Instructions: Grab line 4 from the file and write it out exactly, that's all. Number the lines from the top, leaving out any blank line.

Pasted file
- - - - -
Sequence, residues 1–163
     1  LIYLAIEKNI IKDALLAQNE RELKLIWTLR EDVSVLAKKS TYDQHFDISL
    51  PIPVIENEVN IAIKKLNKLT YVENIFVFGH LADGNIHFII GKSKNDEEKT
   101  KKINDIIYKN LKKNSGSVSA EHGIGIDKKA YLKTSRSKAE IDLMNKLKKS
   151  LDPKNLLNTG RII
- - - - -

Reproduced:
   101  KKINDIIYKN LKKNSGSVSA EHGIGIDKKA YLKTSRSKAE IDLMNKLKKS